The game's setting focuses on a fictionalized version of San Francisco, and surrounding regions of Marin County and Oakland, recreating the geography, generalized layout of the city, and notable landmarks including the San Francisco–Oakland Bay Bridge and Golden Gate Bridge. The recreation features around 208 miles (335 km) of roads, though the amount of roads and territory in the setting is reduced in the Wii edition, as the main bridges of the city are blocked. The events of the game take place six months after the events of Driv3r; a mini-comic series provides background on events during the six-month period.
Following successful surgery that saves the life of both himself and John Tanner, an undercover FBI agent, notorious crime kingpin Charles Jericho escapes his custody in a Turkish hospital and flees back to the United States. Tanner, alongside his partner Tobias Jones, manages to locate and arrest him six months later in San Francisco. On the day of his trial for multiple homicides and drug trafficking, Jericho stages a breakout from his prison convoy, overpowering his guards and eliminating the police escort. While monitoring the convoy's route, Tanner and Jones witness the breakout and pursue after him after he takes control of his prison van. When they lose sight of Jericho in an alley, they soon find themselves being pursued by him down it. Tanner does his best to outrun him, but is forced into a street of heavy traffic that results in a devastating crash, putting him in a coma.
Moments later, Tanner awakens in his car with Jones, finding everything seeming to be back to normal, despite the fact that Jericho is still on the loose. As he pursues after him with Jones, Tanner finds himself hearing voices in his head regarding an accident. When the pair track down the missing prison van, abandoned by Jericho, Tanner finds himself suddenly disappearing from his car and reappearing in the driver's seat of an ambulance carrying a critically injured patient. To his shock, he learns he is actually inhabiting the body of the ambulance's driver, and soon questions about what happened when he eventually returns to his own body. Tanner soon discovers he has an ability that lets him "shift" into another person's body, appearing and sounding like them but retaining his own memories and skills. Deciding to use this to his advantage, Tanner begins helping people across the city while deducing Jericho's plan following his breakout.
Tanner begins to discover that Jericho is after materials to create a chemical weapon, intending to hold the city hostage with it. Deciding to infiltrate his organization and prevent his plan, Tanner inhabits the body of a small-time crook, but quickly finds out Jericho knows it is him, and is horrified to find him able to not only shift as well, but able to possess his body, forcing him to combat his actions. As things around him begin to grow more bizarre, Tanner eventually discovers that he has been in a dream world for the entire duration since the crash – the Jericho he has been facing was in reality a version created from his memories, with his actions influenced by Tanner's subconscious reacting to news flashes being broadcast from a television in his hospital room. As Tanner combats the dream Jericho in order to regain control and end his coma, the detective realises that Jericho's plan in the real world goes against his character, and suspects that he is plotting something else.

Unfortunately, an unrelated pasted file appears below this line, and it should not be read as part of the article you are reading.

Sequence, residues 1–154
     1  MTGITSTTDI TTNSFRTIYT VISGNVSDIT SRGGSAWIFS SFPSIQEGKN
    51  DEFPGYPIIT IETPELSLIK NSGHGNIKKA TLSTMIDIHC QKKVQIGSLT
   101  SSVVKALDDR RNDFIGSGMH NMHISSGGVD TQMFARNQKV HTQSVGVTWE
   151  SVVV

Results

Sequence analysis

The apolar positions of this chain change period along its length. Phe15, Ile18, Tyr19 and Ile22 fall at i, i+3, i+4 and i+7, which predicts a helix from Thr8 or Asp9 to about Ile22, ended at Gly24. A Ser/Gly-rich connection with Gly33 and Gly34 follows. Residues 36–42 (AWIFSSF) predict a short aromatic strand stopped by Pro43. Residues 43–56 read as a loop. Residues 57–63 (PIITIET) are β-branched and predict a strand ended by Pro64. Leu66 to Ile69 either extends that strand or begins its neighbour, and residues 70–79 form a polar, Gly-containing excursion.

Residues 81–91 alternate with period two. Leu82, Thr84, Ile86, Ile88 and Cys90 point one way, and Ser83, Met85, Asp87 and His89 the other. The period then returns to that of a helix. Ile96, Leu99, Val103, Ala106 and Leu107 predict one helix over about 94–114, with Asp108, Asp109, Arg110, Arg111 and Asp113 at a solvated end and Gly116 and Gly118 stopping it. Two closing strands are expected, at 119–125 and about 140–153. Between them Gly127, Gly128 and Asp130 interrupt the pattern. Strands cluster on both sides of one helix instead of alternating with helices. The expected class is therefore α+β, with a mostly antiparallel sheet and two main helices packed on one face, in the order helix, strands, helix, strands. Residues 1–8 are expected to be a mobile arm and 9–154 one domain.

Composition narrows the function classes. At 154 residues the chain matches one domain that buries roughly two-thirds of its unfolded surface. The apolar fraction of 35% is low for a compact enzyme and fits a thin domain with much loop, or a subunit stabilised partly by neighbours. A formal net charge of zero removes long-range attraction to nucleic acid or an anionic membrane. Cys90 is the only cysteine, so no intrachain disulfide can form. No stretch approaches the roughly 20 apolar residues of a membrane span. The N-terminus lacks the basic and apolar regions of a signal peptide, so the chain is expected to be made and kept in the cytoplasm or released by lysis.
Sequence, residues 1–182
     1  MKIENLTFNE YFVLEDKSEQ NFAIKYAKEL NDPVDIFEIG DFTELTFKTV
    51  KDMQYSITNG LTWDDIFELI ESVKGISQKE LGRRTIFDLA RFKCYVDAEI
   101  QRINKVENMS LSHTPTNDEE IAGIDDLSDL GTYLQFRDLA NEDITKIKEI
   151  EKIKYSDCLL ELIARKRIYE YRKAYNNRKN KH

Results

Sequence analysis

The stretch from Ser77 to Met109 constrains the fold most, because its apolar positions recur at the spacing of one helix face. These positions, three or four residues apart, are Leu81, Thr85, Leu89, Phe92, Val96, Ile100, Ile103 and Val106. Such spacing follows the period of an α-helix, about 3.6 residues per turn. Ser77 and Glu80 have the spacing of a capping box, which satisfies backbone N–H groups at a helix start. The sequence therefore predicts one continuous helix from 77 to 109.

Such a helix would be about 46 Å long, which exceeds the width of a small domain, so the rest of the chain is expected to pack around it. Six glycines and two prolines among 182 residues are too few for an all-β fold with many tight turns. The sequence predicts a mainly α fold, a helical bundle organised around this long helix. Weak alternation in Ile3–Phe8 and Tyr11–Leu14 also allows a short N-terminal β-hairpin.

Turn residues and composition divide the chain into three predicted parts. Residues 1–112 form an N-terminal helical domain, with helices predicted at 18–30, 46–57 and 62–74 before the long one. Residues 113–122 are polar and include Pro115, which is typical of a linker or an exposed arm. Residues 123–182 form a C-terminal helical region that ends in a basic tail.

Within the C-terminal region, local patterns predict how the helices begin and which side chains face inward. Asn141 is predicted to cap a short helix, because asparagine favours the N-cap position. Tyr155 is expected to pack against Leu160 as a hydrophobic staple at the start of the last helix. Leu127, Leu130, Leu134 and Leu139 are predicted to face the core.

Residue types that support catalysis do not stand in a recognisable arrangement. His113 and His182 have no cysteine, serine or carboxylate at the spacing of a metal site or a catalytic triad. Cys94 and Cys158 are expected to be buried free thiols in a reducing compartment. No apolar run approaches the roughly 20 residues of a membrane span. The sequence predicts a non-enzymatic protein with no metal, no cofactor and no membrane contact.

Upon finally awakening from his coma, Tanner informs Jones, who had been keeping watch on him, that Jericho is hoaxing a bomb threat in the city's downtown district to conceal a major crime. Jones reluctantly trusts his partner, and hands the key to his car, allowing him to go after Jericho. Tanner's deduction proves correct when an explosion that seems chemical is in reality a large-scale smokescreen. Jericho's actual plan was to conceal the breakout of another inmate from the prison he was held within, having agreed to the job in exchange for $30 million. Tanner soon finds and pursues Jericho, leading to a confrontation between the two at a dockside warehouse. Before Tanner can properly engage him in a game of chicken, intending to defeat him in a head-on collision, Jones arrives and rams Jericho from the side, incapacitating him. Although Tanner claims that he knew what he was doing, Jones reminds him whose car he was driving, before suggesting they go get a well-deserved beer.
The plot of the Wii version of Driver: San Francisco is a different story and the story is a prequel to the original Driver. It features John Tanner as a rookie undercover cop. Tanner and his partner, Alvarez are chasing the gangster Solomon Caine when they get into a car crash. Alvarez is killed and Tanner goes undercover to find his killer. He is accompanied by Tobias Jones, who Tanner dislikes at first. Tanner gains the trust of a gang run by Caine and does various jobs for him. He also ends up setting two rival gangs, the Dog Fish and the Dragon Ladies, up against each other to create a market for military-grade arms. Later on, Tanner must pick up a member of Caine's gang, known as "the Geek" to help them steal back confiscated weapons. Tanner's identity is foiled when the Geek recognizes him as a cop who put him away before and alerts the others. Tanner is then held captive by Caine's crew.